Hawkers keen on going digital but worries remain

Communications and Information Minister S. Iswaran talking to Kashmir Sliced Fish Soup stall owner Manpal Singh, 45, who recently signed up to offer the SGQR e-payment option, at West Coast Market Place yesterday. With them were SG Digital Office amb
Communications and Information Minister S. Iswaran talking to Kashmir Sliced Fish Soup stall owner Manpal Singh, 45, who recently signed up to offer the SGQR e-payment option, at West Coast Market Place yesterday. With them were SG Digital Office ambassadors Nur Danish Azhar (far left), 19, and Victoria Faith Edward, 18. ST PHOTO: GAVIN FOO

Many hawkers are keen to offer cashless payments, but some are concerned about having to pay suppliers in cash and the low take-up rate among customers, digital ambassadors said yesterday.

The ambassadors were recruited by the newly formed SG Digital Office under the Infocomm Media Development Authority.

So far, 400 of them have been recruited, up from 200 a week ago, said Communications and Information Minister S. Iswaran, after an engagement session at West Coast Market Square yesterday.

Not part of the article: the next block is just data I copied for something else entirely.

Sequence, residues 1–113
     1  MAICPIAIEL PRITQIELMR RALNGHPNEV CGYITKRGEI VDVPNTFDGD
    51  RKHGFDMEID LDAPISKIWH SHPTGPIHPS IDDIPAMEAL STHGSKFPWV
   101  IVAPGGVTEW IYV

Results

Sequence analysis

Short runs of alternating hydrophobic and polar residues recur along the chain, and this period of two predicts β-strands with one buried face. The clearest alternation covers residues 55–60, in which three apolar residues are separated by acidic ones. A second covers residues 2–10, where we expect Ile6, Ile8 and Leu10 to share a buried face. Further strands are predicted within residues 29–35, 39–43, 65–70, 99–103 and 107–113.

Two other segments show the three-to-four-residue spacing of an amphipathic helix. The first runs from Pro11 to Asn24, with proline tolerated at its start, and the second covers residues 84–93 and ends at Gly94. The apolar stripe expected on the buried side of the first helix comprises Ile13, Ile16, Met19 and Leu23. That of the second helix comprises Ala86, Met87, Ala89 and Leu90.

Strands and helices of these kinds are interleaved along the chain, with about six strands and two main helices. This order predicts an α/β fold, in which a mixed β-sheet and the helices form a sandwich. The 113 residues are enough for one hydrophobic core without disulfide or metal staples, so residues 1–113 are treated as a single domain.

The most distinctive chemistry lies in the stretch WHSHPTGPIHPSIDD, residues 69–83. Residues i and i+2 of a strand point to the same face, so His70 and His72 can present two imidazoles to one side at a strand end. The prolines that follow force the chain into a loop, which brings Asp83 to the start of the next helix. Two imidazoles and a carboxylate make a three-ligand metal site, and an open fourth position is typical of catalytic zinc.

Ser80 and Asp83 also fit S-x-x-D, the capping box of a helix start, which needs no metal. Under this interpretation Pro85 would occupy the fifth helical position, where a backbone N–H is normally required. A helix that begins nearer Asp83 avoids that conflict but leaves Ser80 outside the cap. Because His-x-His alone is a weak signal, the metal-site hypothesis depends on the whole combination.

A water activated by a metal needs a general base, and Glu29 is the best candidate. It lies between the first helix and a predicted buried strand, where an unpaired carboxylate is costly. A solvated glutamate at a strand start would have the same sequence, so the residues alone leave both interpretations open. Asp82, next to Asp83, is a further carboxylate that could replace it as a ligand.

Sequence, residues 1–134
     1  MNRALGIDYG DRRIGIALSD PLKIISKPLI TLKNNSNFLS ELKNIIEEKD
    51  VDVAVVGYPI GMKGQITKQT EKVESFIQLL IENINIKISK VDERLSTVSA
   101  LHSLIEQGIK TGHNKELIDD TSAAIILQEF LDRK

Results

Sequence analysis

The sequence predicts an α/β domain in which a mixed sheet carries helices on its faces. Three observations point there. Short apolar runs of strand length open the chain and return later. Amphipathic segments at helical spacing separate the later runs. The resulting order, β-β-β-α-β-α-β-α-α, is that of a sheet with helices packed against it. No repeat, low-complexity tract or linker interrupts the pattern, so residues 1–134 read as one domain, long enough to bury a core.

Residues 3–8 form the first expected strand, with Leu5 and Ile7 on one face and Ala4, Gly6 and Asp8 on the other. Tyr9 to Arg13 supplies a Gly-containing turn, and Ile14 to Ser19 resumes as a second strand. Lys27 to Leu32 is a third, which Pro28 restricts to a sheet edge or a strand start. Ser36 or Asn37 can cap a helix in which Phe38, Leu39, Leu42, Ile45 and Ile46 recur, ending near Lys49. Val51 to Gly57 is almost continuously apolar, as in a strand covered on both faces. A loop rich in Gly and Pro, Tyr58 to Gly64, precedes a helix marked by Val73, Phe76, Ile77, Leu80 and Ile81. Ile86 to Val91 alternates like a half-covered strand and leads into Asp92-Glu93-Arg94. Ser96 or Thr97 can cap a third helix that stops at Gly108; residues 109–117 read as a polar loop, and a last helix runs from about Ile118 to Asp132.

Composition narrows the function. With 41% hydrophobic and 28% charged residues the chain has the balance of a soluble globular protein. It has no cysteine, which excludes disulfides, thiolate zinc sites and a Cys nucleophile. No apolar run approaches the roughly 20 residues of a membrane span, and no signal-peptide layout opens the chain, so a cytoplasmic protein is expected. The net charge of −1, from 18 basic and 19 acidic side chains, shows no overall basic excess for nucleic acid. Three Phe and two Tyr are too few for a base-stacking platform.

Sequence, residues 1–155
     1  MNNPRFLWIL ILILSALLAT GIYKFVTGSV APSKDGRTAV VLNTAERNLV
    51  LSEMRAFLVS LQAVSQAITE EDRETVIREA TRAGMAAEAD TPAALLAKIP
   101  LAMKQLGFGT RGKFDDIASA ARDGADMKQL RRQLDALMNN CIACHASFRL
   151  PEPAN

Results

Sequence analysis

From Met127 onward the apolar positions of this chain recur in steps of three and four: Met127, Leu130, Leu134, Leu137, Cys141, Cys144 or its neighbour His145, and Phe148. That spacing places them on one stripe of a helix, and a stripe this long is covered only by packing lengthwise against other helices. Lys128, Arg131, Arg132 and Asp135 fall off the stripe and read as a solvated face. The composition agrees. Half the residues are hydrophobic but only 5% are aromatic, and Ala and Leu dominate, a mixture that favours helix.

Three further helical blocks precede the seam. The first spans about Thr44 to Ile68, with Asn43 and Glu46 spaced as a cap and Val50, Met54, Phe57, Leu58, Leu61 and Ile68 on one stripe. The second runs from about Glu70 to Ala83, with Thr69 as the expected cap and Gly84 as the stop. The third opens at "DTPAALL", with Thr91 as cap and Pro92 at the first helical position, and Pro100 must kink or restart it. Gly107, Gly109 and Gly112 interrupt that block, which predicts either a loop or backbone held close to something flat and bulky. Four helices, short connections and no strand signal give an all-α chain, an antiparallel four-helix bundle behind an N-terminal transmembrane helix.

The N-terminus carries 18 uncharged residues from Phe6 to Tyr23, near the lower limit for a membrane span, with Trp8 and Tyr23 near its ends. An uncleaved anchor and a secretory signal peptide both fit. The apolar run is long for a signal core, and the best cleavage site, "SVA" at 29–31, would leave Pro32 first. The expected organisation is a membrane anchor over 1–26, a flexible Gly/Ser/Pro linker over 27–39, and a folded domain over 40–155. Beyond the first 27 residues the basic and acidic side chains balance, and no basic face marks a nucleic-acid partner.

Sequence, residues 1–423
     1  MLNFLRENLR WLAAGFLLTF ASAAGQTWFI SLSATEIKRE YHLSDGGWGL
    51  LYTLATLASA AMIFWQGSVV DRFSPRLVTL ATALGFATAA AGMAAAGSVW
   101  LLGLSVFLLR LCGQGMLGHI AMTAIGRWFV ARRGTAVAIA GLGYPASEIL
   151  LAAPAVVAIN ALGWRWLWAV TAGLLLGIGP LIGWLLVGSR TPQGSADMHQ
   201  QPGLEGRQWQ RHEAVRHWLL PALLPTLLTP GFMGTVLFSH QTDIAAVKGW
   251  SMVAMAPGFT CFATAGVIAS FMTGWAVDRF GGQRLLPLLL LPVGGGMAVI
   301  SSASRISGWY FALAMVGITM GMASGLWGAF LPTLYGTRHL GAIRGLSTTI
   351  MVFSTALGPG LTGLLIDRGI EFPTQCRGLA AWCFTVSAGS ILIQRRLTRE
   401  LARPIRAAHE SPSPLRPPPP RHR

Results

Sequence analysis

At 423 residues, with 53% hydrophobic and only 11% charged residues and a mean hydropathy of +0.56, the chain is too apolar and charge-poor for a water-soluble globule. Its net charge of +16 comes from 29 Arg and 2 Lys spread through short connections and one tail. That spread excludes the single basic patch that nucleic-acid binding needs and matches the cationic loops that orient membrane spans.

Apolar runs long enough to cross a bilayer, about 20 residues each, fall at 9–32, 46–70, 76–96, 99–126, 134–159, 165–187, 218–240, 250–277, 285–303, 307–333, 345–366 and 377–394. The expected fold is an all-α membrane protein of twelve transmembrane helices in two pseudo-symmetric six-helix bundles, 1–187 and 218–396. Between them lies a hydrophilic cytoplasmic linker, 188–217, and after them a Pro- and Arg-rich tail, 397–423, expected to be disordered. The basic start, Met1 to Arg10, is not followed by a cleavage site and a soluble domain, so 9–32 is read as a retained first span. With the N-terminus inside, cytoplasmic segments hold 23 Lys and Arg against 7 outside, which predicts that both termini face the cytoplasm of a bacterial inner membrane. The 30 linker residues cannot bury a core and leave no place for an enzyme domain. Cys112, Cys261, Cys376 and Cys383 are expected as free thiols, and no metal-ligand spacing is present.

The ambassadors, who promote digitalisation among stallholders and seniors, have contacted more than half of the 112 hawker centres and wet markets here.

They have been introducing the Hawkers Go Digital initiative, which aims to help stallholders adopt the unified Singapore Quick Response Code (SGQR) e-payment solution by the middle of next year.

Mr Nur Danish Azhar, 19, a recent ITE College West graduate, noted that some hawkers say most of their customers are older and less likely to use e-payments. "We tell them that in the future, more customers will be from the younger generation."

Fellow ambassador Lo Wei Jian, 34, said that while some hawkers were hesitant at first, more become willing to adopt the SGQR after seeing other hawkers do so.

But some still have reservations.

Mr Lo, a former freelance graphic designer, noted: "A lot of them want to use cash to pay suppliers. I told them that it's a change of lifestyle, and they just have to draw money from the ATMs."

 
 
 

Recent ITE College West graduate and ambassador Victoria Faith Edward, 18, said: "For cheaper items stallholders at wet markets sell, like noodles for 50 cents, they said customers would prefer to give cash."

Mr Manpal Singh, 45, a hawker at West Coast Market Square selling fish soup, recently signed up to offer the SGQR option.

"Overall, I think it would be beneficial, as it would be easier to count the takings at the end of the day."

A version of this article appeared in the print edition of The Straits Times on June 18, 2020, with the headline 'Hawkers keen on going digital but worries remain'. Subscribe